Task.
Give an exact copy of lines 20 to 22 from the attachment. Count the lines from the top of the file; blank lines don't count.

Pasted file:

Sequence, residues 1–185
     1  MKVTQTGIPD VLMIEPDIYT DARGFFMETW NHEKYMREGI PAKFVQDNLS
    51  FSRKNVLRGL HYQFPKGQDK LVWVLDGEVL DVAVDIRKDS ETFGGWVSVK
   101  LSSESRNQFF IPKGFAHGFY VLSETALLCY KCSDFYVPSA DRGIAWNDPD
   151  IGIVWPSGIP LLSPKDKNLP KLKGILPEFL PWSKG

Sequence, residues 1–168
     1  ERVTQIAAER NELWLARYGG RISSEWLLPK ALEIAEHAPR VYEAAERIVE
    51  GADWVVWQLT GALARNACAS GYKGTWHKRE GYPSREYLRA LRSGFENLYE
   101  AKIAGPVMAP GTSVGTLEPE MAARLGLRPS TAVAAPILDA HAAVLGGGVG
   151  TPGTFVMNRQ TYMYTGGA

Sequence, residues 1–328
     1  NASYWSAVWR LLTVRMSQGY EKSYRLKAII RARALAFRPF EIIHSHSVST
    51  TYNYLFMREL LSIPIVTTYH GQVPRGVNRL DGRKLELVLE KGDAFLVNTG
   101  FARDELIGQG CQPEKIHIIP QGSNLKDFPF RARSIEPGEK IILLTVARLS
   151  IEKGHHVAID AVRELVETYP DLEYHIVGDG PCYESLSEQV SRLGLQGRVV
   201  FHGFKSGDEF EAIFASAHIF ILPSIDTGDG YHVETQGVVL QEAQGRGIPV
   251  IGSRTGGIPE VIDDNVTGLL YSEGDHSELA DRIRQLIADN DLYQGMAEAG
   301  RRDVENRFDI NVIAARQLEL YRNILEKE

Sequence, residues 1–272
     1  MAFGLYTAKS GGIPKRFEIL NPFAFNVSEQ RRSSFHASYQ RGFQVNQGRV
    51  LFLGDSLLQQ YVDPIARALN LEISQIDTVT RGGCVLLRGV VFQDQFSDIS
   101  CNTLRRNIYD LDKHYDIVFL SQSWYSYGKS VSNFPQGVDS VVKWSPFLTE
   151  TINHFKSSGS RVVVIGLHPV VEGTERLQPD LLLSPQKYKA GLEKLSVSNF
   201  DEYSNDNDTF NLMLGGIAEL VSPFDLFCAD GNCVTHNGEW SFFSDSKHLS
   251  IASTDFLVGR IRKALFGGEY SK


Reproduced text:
     1  MAFGLYTAKS GGIPKRFEIL NPFAFNVSEQ RRSSFHASYQ RGFQVNQGRV
    51  LFLGDSLLQQ YVDPIARALN LEISQIDTVT RGGCVLLRGV VFQDQFSDIS
   101  CNTLRRNIYD LDKHYDIVFL SQSWYSYGKS VSNFPQGVDS VVKWSPFLTE